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Comment Re:How does the data get around the transformers? (Score 2) 120

This has been "going to happen" since, at least, the 1940s. At least once a decade someone reinvents the idea and creates a lot of interest. Then it dies again for a while.

The entire power grid is an RF choke. RF over the power lines works until it gets to a transformer. That's a good thing because it reduces impulse noise which can play havoc with electronic equipment. Fast rise time impulse noise on power lines is a problem in electronic equipment and instrumentation.

Comment Re:Nothing to see... (Score 2) 346

That's what the Tempest standard is for. It dates from the late 70s/early 80s when they banned all removable anything.
The guy they busted was an intelligence analyst. That might explain his access. If the information was secret or higher then it shouldn't be available to someone working alone on an office desktop. The entire incident doesn't make much sense.

Everything I've seen from that leak has been been in the media before. No where is the classification level mentioned.

Wall St firms have better security than this. All access to sensitive information is logged, and passed on to security. If the access isn't legitimate then you're out the door at minimum.

Comment Re:A Simple Solution (Score 1) 548

I find this whole argument ridiculous. Isn't the simple, effective solution to simply charge customers based on the amount of data they consume?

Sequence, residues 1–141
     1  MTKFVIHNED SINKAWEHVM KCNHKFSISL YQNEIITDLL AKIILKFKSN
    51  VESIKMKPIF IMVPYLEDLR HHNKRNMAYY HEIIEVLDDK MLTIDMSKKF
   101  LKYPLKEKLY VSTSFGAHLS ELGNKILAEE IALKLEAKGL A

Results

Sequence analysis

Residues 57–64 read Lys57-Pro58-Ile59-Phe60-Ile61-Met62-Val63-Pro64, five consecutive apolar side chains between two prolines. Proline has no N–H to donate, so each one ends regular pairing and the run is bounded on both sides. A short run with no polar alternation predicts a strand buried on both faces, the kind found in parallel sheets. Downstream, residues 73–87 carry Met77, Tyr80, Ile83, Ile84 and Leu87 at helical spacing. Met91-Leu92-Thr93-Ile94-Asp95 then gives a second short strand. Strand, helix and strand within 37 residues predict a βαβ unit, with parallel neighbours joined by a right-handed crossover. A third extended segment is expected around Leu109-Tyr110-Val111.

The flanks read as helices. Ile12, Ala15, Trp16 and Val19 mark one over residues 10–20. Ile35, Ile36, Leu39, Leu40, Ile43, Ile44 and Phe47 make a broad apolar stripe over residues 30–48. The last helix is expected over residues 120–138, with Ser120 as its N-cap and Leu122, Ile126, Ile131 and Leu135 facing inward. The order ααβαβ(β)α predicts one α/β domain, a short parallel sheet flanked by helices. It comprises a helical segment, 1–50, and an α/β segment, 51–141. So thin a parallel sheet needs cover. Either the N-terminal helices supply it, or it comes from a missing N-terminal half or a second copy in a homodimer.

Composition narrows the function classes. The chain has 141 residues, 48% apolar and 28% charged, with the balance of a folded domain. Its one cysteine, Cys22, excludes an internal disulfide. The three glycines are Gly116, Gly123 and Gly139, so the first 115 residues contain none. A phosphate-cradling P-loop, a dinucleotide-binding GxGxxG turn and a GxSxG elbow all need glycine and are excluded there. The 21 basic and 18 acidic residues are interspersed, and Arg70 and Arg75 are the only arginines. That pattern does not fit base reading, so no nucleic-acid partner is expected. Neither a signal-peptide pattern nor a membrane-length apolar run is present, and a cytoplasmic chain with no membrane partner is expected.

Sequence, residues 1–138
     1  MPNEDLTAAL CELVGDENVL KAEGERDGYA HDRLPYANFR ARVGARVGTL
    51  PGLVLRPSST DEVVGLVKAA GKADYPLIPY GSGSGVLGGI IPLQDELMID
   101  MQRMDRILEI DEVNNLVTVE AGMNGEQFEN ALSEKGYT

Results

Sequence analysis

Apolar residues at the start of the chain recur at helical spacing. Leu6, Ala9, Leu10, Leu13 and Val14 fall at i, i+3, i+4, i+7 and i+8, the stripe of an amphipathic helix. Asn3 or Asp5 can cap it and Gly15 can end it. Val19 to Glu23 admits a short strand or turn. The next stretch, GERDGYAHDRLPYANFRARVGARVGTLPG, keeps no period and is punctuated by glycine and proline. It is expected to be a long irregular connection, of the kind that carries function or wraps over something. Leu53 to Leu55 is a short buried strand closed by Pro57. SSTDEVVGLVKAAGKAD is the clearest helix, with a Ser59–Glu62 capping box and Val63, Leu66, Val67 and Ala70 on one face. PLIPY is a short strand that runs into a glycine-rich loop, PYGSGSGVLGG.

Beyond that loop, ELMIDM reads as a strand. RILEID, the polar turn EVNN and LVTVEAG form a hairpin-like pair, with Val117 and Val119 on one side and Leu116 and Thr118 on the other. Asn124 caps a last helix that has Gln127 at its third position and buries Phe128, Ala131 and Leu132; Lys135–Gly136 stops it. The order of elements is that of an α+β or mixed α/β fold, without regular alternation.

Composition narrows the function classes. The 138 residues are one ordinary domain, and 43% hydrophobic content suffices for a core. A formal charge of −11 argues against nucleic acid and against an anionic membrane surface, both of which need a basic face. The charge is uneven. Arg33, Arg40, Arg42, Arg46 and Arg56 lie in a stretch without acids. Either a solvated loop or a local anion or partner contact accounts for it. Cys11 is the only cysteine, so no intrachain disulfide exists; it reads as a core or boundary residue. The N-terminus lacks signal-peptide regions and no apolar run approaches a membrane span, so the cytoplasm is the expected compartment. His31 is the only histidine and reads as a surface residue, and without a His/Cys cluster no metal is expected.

Yes, that makes sense. Or you can get a dedicated connection. A T1 (1.5 Mbs) is about $450.00 a month. Or you can get a T3 (43.2 Mbs) for $4,000.00/month or more.

I have a broadband connection that gives me 26.03 Mbs down and 5.23 Mbs up (at 10:00 am). It's a shared resource. The speed varies depending on the total load on the distribtuion node. For the difference in cost it's worth it. Most of the time I get better then T1 speed for one tenth of the cost.

Comment Re:16,800 W? - WTF?! (Score 1) 450

From an article on

The battery capacity is 53 KWH

The charge rate for 4 hours would be 12.25 KW. so the current would be 55 Amps at 240 Volts.

The charge rate for 8 hours would be 6.75 KW so the current would be 27.6 Amps at 240 Volts.

That does not include any inefficiency in the charger.

The motor is 185 KW (248 hp). The article doesn't give the weight.

Comment Re:What kind of direct current source? (Score 1) 603

The power going to your house is AC. Batteries are DC. In order to charge a battery you have to convert AC to DC. You do that with a rectifier normally or an AC motor/DC generator set. The problem with fast charging is the current (Amps) required.

The quantity of energy is KWH (Killo Watt Hours). If the battery stores 30KWH then it would take 30KW (the rate) for 1 hour to charge the battery.

For a discharged 48 Volt battery the charging current for one hour would be;
    I = 30 KW (charging rate) / 48 (charging voltage) = 625 Amps.